Wednesday, August 7, 2013

Gasp For Yes

The family together.
I'm a gasper. I don't mean that I express fright or astonishment at every turn. I've simply adjusted to one of the local ways of communicating. The diversity that comes with conveying thoughts is not limited to just differences in pronunciation, but instead covers a wide array of human responses related to the vocal, facial and bodily. Ethiopian culture is a perfect example of how one gesture or sound can greatly deviate from the interpretation to which we are accustomed as certain noises and body language often mean the opposite of what we may think.

Back to gasping, a habit i never imagined myself picking up. Here in the roof of Africa, gasping is used as a sign of affirmation. While those of us in English speaking cultures instinctively just say "yes," "yeah," or "huh-huh," Ethiopians gasp. Even during pre-service training, I heard gasping so often that I involuntarily adopted and I now gasp for yes on a daily basis.

"Are you American?"

-gasp-

"Did you order the tagamino?"

-gasp-

Conveniently enough, I am more easily understood when I gasp as it is the norm. But other forms of verbal and nonverbal communication here had me in a mental knot before I learned the meaning behind them.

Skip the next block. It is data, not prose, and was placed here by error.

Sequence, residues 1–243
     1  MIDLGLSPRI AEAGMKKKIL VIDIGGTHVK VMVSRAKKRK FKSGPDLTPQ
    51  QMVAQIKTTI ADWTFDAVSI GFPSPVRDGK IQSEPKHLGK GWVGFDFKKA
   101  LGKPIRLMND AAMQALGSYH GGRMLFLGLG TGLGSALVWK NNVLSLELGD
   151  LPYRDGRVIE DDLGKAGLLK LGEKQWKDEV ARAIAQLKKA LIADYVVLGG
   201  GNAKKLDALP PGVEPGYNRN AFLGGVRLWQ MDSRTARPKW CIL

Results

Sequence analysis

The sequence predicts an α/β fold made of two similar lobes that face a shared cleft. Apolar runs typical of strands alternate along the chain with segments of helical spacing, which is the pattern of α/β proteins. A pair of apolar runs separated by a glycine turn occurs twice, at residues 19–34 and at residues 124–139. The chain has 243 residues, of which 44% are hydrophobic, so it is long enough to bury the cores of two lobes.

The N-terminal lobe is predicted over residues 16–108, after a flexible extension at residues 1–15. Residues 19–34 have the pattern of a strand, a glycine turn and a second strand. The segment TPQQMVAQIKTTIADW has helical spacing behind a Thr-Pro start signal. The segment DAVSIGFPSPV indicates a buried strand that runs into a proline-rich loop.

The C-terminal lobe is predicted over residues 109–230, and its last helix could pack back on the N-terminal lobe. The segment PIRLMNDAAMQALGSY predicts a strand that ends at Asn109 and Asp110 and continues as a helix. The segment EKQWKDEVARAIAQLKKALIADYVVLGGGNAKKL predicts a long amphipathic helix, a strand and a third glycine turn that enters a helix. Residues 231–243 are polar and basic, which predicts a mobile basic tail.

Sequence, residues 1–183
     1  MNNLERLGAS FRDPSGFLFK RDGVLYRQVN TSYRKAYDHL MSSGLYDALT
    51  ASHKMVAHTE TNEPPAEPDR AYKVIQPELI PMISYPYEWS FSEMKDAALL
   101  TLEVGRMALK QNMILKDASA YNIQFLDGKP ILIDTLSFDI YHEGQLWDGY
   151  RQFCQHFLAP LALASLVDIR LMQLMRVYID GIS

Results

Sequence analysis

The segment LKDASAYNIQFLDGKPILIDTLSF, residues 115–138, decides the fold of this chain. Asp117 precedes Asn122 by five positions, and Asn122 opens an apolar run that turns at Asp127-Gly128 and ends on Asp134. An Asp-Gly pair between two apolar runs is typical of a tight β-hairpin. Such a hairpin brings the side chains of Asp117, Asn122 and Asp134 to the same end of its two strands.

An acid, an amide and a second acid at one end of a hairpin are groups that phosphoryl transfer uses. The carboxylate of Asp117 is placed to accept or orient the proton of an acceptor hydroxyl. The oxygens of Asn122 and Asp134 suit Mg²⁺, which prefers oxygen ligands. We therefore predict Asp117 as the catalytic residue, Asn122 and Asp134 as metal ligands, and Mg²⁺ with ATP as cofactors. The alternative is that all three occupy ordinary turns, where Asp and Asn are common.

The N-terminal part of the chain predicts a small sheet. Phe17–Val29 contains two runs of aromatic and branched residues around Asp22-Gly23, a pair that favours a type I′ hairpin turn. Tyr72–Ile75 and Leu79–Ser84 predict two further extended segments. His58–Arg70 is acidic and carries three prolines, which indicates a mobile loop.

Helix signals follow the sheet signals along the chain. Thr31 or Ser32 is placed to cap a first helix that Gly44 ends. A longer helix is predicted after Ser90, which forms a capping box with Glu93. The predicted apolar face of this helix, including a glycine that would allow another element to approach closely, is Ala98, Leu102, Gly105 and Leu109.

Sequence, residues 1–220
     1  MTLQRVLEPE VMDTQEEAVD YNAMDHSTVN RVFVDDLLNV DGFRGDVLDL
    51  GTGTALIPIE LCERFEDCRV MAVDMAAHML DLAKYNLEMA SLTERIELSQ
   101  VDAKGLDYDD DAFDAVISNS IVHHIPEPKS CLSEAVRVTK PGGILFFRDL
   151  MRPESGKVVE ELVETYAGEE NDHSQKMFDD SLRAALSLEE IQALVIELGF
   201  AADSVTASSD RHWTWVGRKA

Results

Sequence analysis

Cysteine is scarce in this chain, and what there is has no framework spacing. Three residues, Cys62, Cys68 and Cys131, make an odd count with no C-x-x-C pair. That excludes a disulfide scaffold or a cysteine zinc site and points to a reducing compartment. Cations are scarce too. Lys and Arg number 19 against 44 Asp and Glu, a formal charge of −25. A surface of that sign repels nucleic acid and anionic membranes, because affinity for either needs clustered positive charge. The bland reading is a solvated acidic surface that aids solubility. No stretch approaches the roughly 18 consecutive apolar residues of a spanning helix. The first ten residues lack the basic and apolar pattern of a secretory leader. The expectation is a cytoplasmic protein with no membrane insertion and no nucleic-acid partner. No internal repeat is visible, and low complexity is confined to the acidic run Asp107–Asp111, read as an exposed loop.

• In Tigray, it is common to click rather than gasp as a way of saying yes. Not the deep, involving your entire tongue clicks that are common in Southern Africa, but a shallow sound that requires only the tip of the tongue and teeth still closed together.  
  • While smacking the lips in English speaking countries conveys shame, in Ethiopia the person making that sound is demonstrating respect for someone. 
  • Children, generally being shyer than adults will not gasp of click, but instead just raise their eyebrows to show they agree or are paying attention. 
  • A palm tickle is a discrete invitation for sex, which to accept you tickle the other person's palm back. 
  • The palm turned down with all fingers moving back and forward is the signal for "come."
  • Wagging the index finger back and forth here does not communicate warning or a "shame on you," but is the simplest way to say "no."
  • Two men or two women holding hands and having their arms around each other indicates friendship, not romance.

Lizzie a.k.a. Mama

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